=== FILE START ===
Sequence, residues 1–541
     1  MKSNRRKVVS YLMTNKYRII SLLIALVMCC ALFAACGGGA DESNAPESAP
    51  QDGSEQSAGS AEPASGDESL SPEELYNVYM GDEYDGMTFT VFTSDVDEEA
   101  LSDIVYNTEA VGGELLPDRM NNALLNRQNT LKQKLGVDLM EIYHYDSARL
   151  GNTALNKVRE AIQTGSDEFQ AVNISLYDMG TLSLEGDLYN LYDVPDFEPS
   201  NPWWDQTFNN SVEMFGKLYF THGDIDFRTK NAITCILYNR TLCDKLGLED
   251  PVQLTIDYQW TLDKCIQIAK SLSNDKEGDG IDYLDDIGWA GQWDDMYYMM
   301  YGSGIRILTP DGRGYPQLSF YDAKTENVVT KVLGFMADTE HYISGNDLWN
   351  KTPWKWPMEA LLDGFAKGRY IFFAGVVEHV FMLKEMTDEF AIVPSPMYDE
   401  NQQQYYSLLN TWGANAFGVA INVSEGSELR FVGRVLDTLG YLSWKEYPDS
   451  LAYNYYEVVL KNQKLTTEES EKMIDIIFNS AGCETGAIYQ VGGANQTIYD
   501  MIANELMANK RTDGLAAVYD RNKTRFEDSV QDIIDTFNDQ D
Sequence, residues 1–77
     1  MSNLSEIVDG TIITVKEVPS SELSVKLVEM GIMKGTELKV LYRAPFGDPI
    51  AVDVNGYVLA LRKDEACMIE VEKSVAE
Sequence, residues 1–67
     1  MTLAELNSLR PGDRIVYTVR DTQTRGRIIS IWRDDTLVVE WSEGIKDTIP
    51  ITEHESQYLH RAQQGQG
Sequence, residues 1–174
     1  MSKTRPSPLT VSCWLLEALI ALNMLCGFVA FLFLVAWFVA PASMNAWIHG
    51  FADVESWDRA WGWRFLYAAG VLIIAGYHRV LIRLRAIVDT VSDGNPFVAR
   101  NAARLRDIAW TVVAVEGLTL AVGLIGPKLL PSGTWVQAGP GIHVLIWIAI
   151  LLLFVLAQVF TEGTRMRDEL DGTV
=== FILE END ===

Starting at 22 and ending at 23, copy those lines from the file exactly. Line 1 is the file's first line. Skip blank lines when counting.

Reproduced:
   101  NAARLRDIAW TVVAVEGLTL AVGLIGPKLL PSGTWVQAGP GIHVLIWIAI
   151  LLLFVLAQVF TEGTRMRDEL DGTV